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December 24, 2020 1:00 PM, EST

House GOP Foils Move on Trump’s $2,000 Checks

Pelosi Sets New Vote for Dec. 28
House Majority Leader Steny Hoyer (Ting Shen/Bloomberg News)House Majority Leader Steny Hoyer holds a news conference Dec. 24. (Ting Shen/Bloomberg News)

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A surprise scuffle over pandemic relief is set to run up against a crucial federal funding deadline the week of Dec. 28 as Democrats side with President Donald Trump in his demand for $2,000 payments to most Americans and Republicans take up his criticism of government spending.

Republicans on Dec. 24 objected to House Majority Leader Steny Hoyer’s attempt to replace the $600 payments in the latest pandemic relief legislation with the $2,000 payments Trump said he wants. Democrats will try again Dec. 28, with a similar new bill that will be put to a full vote on the House floor.

“House and Senate Democrats have repeatedly fought for bigger checks for the American people, which House and Senate Republicans have repeatedly rejected — first, during our negotiations when they said that they would not go above $600 and now, with this act of callousness on the Floor,” House Speaker Nancy Pelosi said in a statement Dec. 24.

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In this year in review episode, we discuss COVID and everything from gas tax to remote work. With the help of our special Transport Topics guests, Seth Clevenger and Eleanor Lamb, we’ll also begin to map a plan for 2021. Hear a snippet, above, and get the full program by going to RoadSigns.TTNews.com.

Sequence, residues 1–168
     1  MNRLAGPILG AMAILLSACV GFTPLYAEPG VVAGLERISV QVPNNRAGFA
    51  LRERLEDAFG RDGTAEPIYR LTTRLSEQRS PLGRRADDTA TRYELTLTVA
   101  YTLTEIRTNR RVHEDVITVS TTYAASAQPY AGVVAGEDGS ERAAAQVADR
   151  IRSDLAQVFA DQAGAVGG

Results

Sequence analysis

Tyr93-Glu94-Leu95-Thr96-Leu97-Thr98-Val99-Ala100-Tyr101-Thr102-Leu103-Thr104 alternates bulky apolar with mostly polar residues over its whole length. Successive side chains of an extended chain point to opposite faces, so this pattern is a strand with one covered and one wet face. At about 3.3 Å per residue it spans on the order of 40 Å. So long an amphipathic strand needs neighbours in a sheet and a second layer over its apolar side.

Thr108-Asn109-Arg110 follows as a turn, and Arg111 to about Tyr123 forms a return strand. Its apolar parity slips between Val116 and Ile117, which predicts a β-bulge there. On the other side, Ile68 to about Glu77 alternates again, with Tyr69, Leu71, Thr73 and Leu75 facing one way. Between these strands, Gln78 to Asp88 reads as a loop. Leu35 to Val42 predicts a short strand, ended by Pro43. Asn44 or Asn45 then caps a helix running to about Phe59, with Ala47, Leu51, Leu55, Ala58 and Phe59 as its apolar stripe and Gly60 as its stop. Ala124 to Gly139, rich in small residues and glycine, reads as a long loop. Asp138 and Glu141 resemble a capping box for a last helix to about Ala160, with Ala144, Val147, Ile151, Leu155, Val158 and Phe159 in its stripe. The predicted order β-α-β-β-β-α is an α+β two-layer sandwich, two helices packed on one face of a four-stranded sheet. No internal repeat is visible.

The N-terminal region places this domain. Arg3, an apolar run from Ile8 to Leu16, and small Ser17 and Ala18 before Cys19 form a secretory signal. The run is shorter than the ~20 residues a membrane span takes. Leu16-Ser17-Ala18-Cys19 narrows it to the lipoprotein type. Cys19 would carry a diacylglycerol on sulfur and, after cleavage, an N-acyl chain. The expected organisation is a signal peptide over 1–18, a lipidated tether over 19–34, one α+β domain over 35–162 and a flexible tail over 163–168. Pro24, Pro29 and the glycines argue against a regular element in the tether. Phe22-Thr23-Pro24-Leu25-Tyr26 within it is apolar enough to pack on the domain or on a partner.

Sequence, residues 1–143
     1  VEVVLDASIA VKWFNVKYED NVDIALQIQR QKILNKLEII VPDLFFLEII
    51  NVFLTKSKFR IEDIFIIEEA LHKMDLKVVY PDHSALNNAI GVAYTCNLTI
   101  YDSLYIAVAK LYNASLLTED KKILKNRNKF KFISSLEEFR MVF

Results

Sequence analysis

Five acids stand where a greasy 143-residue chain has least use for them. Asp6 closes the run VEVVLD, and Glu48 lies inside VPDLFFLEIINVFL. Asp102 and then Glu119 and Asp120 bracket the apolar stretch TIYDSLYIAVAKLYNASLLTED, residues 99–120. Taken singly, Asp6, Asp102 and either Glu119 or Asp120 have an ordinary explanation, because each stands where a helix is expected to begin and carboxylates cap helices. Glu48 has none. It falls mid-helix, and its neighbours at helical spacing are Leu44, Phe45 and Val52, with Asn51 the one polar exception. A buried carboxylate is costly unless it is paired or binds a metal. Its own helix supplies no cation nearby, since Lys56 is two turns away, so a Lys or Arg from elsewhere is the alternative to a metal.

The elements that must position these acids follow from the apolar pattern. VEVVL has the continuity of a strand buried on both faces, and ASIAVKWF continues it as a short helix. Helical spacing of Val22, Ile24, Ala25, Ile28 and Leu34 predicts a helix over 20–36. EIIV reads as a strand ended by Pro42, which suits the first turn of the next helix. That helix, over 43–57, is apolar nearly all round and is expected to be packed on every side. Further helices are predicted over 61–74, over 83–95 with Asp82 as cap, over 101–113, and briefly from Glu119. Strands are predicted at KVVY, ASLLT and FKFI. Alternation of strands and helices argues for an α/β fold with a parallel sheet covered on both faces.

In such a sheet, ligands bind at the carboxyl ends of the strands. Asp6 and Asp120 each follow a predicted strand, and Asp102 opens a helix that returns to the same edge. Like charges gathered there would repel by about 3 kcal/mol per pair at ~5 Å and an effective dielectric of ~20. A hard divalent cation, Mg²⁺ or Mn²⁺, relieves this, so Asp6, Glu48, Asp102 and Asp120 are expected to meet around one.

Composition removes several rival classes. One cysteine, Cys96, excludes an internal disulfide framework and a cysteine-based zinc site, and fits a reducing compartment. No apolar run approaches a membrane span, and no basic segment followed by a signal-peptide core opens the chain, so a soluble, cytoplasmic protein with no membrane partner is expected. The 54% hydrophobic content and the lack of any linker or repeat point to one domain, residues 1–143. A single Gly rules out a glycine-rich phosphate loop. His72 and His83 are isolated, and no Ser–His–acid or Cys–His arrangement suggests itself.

Congressional leaders reached a deal on a roughly $900 billion spending package to bolster the U.S. economy amid the continued coronavirus pandemic, giving lawmakers a short timetable to review and pass the second-largest economic-rescue measure in the nation’s history.

The standoff over stimulus payments comes after months of intense negotiations finally yielded a compromise to inject $900 billion into the U.S. economy — including forgivable loans for small businesses, supplemental unemployment benefits, support for renters facing eviction and funds for vaccine distribution. Those measures were combined with $1.4 trillion in annual government spending, and now the entire package is in limbo.

Although Trump hasn’t explicitly said he would veto the legislation, if he doesn’t sign the bill by the end of day Dec. 28, the government — now operating under temporary funding — would begin a partial shutdown starting on Dec. 29. The House may attempt to pass another stopgap funding measure on Dec. 28 if Trump hasn’t acted.

The president tweeted a video Dec. 22 criticizing the $2.3 trillion bill. His call for $2,000 payments, which most Republicans rejected as too costly, surprised GOP lawmakers. Trump left Washington Dec. 23 to spend Christmas at his Florida golf club.

“Republicans in Congress and the White House can’t agree on what they want,” Hoyer told reporters Dec. 24 at the Capitol. “Surely, the president of the United States, whether he is in Mar-a-Lago or someplace else, ought to empathize with the suffering and apprehension and deep angst people are feeling this Christmas Eve.”

— With assistance from Laura Davison.

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